Notes from Candice Ransom

Muskrat Love

  We were up at 6:00 nearly every morning and walking by 6:30. The Hollins Summer Walking Team–Claudia Mills, Elizabeth Dulemba, and me. We talked, logged in countless miles, and never failed to appreciate the scenery spread before us. I’d come to Hollins this summer not only to teach and talk but to find the

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Home: Not Always Where We Think It Is

The stars we are given.  The constellations we make. That is to say, the stars exist in the cosmos, but constellations are the imaginary lines we draw between them, the readings we give the sky, the stories we tell. The desire to go home, to be whole, to know where you are, to be the

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Robin Journal: May 9, 2014, Gone

They were fine yesterday, being fed, stirring in the nest.  But I noticed squirrel activity in our yard.  I went out and drove them off a few times. This morning I sensed the silence.  Then I watched the nest, good long minutes.  No parent feed-relay. I walked out just now to the shed.  Peeped over

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Robin Journal: May 5-7

It is no picnic taking these pictures.  Scott, who has been on paternity leave the last two weeks, has suddenly taken over a major role.  Scaring off intruders! The babies are growing fast.  Right now they sleep a lot, like most newborns, but are ready to eat whenever Scott or Zelda lands at their nest. 

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Robin Journal: May 1-5, 2014

Once again, Zelda has not been reading What to Expect When You Are Expecting.  The last egg was laid Easter Monday.  I figured the first two birds would hatch May 3 (she laid two eggs in one day), the third May 4, and the last on May 5. This past weekend we went away for

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Robin Journal: April 24-May 1, 2014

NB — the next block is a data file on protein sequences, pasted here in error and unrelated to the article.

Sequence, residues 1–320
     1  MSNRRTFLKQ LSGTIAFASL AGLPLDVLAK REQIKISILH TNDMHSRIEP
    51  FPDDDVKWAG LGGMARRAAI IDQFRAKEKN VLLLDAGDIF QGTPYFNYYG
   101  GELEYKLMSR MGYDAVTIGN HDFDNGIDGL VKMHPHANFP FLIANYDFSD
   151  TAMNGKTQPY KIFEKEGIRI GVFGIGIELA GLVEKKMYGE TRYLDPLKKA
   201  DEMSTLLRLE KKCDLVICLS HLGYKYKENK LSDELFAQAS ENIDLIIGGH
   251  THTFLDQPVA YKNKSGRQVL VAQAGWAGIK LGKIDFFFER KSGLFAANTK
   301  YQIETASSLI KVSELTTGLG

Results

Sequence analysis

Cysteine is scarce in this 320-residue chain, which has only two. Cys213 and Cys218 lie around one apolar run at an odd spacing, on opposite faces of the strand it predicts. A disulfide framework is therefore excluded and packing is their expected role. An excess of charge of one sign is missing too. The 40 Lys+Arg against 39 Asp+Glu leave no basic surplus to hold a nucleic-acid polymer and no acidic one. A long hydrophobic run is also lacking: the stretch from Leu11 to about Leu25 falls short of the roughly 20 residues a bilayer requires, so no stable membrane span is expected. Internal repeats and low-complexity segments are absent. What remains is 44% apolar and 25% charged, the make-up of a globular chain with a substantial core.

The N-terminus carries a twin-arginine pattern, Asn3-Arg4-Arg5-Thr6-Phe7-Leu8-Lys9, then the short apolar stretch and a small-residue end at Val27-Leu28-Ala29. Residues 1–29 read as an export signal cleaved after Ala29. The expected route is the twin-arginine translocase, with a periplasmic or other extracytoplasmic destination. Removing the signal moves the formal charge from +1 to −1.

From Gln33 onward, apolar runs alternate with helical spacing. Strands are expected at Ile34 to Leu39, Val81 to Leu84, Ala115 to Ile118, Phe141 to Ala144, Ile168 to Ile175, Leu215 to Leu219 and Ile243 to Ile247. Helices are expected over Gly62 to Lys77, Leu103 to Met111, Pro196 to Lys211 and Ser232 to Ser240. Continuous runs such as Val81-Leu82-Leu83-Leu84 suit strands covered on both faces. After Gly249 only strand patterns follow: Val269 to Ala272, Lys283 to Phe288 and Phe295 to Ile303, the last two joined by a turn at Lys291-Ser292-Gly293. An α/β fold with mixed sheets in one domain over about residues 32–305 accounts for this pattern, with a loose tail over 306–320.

It rained for three days and three nights.  Epic rains.  Biblical.  If I wasn’t a teetotaler, I would have downed tumblers of gin.  But at least I was indoors where it was dry.  Zelda had to incubate those four eggs.  My husband set up a spotting scope for me to watch the nest.  I’d look

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Robin Journal: April 20-23, 2014

After dragging her tail feathers for about a week, Zelda finally got ahead of me.  Saturday she had two eggs (one more than I guessed).  Easter Sunday I watched her sit on the nest with a look of concentration.  It wasn’t mid-morning like the book said, but about 8:15.  (If you’ve been up since dawn

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Robin Journal: April 16 – 20, 2014

After last Tuesday’s day-long downpour, I didn’t see Scott and Zelda all day Wednesday.  Or Thursday.  After the rain it turned cold.  Too cold to lay eggs.  I checked the nest—it seemed fine.  But where were they?  They’d left.  I was sure of it. Once, song sparrows nested in our front-door wreath.  The female laid

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Robin Journal: April 14 and 15

April 14: As soon as it was daylight, the robins were working on the nest.  Today they were cooking with gas, no add a bunch of grass and then take the rest of the day off.  They took turns flying straight to the window box.  Normally the female does the actual building, but sometimes the

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Robin Journal: April 13, 2014

I walked outside to the glorious orchestra of birdsong and budding trees (yes, they sing too).  Two male robins got into a fight, a swirling dance of beating wings and yellow beaks.  The female robin—my nest-builder—flew in low and began tugging at the dead grass.  Her look clearly said, Take it somewhere else, boys.  I’ve

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Robin Journal – April 12, 2012

I would never have noticed if I hadn’t been sitting in my husband’s chair at breakfast.  Early April sun poured over the table on my side and I couldn’t read.  (Reading and eating is one of my greatest pleasures.)   I happened to look up from my book, The Signature of All Things by Elizabeth Gilbert,

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When Our Stories Won’t Speak

Two years in a row, I’ve wandered through the same abandoned house in Luray, asking it to give up its story.  The front door was open, but inside the walls were tight-lipped.  Both trips, my photos came out smoke-grey and silent. This weekend I found another abandoned house.  I welcomed the opportunity to let my

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